Lasers and light-based modalities are truly some of the most exciting developments in skin care today.
Whatever your concern, there is probably a laser or light-based therapy to address it. This approach is
often not only more effective, but usually more cost-effective than expensive than creams. Also, today’s
lasers are known to have little downtime. Often, the only side effect is a little temporary redness.
I’ll outline the major categories in laser technologies available today, but keep in mind that new lasers
and light-based treatments are rapidly advancing. Find a dermatologist who employs a variety of devices,
usually they will be affiliated with a teaching hospital. They are often no more expensive than traditional
providers. Let’s take a look at the major types of technology out there today.
First is the category of fractional lasers. They are called fractional because they target only a fraction of
the skin’s surface, thereby limiting side effects. These lasers have been around since the 80’s, the first
being the CO2 ablative laser. Ablative meaning they affect the deeper layers of the skin, resulting in
peeling over a period of several days. The first iterations of these lasers were known for dramatic
improvements in skin texture, scarring and general wrinkling. However, the downtime was excessive,
necessitating a week or more of home seclusion and substantial aftercare. Nevertheless, the results were
dramatic and exciting. Today, there are newer versions of these fractional lasers, that accomplish much
improvement without significant downtime. Some are ablative, some non-ablative.
The next category is vascular lasers. VBeam is an example of this type of laser. These are effective at
treating telangiectasias, i.e. broken capillaries, port wine stains rhinophyma, etc. A few treatments may
be necessary, but they are usually affordable.
These lasers work by targeting chromophores in the skin. A particular wavelength will target a specific
pigment. Some target red, others target blue or purple. They do not impact the surrounding tissues, so
little to no downtime.
There are also lasers like the Colo Touch Varia, that target blueish circles under the eyes, along with the
larger blue veins in the temple area. Again, multiple treatments may be necessary, but the results are
There are newer non-ablative lasers, like the Pico Sure, which is great for textural issues, wrinkles and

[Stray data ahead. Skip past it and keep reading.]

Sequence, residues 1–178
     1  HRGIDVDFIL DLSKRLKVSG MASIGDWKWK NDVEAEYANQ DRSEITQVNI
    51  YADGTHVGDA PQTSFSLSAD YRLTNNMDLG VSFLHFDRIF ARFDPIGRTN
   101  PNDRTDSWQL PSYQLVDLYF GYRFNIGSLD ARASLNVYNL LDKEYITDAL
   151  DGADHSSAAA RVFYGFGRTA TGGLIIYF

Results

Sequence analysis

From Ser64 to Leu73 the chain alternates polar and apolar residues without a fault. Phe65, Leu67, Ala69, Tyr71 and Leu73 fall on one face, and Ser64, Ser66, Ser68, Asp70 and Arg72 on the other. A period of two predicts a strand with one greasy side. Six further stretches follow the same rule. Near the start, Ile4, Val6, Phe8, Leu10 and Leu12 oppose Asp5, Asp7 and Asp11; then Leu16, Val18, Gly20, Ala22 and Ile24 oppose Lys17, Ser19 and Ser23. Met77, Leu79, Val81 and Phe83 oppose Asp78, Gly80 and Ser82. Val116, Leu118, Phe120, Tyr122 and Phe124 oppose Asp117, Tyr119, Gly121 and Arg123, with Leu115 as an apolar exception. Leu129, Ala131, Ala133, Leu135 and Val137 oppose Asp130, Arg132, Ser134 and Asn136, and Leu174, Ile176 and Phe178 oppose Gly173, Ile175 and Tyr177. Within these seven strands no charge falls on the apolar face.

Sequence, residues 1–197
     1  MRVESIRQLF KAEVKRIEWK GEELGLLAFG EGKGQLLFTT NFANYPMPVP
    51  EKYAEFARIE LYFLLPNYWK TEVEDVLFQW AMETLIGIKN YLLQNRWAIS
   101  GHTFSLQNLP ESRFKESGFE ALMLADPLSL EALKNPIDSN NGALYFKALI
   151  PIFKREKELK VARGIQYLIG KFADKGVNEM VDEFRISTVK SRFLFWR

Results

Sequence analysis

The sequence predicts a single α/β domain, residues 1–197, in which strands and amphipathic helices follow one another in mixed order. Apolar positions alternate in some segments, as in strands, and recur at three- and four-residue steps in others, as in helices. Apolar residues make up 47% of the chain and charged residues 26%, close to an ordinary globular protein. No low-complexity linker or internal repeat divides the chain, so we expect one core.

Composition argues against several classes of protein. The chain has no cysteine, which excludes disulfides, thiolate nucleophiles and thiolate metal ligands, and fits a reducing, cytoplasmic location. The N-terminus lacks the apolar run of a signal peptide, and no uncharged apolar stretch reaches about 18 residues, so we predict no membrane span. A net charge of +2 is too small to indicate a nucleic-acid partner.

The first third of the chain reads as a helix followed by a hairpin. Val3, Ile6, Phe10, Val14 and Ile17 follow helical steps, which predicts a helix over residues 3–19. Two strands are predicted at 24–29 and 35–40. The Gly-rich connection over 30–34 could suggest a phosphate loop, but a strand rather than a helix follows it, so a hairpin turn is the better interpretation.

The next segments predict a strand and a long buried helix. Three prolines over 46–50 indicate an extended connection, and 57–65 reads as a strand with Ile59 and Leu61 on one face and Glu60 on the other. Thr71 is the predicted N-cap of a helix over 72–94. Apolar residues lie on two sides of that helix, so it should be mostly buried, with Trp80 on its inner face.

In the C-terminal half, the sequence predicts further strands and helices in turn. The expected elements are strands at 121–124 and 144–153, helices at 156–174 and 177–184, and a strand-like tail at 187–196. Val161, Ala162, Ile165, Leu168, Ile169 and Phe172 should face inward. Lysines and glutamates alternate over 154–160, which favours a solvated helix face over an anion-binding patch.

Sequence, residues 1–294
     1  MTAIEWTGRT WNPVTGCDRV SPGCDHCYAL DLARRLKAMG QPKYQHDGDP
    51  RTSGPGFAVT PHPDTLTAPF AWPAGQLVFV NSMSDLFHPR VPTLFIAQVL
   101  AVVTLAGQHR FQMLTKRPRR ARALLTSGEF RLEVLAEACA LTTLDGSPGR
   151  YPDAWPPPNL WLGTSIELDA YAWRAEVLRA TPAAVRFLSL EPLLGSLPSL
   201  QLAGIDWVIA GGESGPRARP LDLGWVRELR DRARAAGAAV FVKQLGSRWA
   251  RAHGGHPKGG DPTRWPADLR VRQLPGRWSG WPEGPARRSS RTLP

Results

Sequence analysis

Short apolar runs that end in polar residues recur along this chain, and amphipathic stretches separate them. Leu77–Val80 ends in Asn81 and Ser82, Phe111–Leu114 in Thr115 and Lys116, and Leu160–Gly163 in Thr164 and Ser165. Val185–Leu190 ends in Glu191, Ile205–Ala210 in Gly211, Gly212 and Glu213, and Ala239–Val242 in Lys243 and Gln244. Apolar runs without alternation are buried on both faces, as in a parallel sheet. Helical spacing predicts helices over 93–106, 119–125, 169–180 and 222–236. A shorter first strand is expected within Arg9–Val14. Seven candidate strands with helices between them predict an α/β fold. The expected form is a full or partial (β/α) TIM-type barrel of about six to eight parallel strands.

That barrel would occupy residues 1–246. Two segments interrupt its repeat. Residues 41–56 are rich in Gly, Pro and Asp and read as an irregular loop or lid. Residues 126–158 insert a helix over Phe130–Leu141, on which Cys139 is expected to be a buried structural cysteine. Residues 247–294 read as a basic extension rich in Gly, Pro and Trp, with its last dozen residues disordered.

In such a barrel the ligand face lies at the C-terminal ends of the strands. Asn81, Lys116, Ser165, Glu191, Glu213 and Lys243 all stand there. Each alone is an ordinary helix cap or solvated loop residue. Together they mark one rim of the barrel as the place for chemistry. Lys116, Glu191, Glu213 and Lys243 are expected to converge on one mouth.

hyperpigmentation. These are more expensive, but usually one or two sessions are enough to resolve
A relative newcomer to the game is the Genius. A hybrid laser/RF micro needling device. This uses a
heated device to target sagging skin and improve texture, particularly along the jawline. These are also
indicated for enlarged pores, scarring, stretch marks and fine lines. These RF devices are exciting. Some
are also fractional also. They use Invasive Monopolar RF and superficial settings to enhance results.
There is minimal pain and downtime associated with these devices. Other popular RF treatments include
EndyMed and the Collagen Pin system. Micro needling can also be combined with PRP i.e. Platelet-Rich
Plasma to treat fine lines and hair loss. Micro needling should never be performed by an esthetician,
only a dermatologist or highly trained nurse.
IPL, or intense pulsed light, is still used today and the technologies are constantly improving. The original
“no-downtime treatment, IPL targets multiple problems at once. The results are more modest than a
targeted laser, but they’re a good option for some people with minimal concerns. Sometimes, they’re
called “lunch time peels”. Clear and Brilliant is an example of this type of treatment.
In summary, there are many effective lasers and light-based modalities worth your consideration. Work
with an experienced dermatologist to determine which is right for you and have them advise you of the
effectiveness of each laser, as there is a lot of hype surrounding the release of a new device. Some do
not stand the test of time. Some leading dermatologists in the field are Dr. Robert Weiss in Baltimore, Dr.
Jeffrey Dover in Boston and Dr. Mitchell Goldman in San Diego.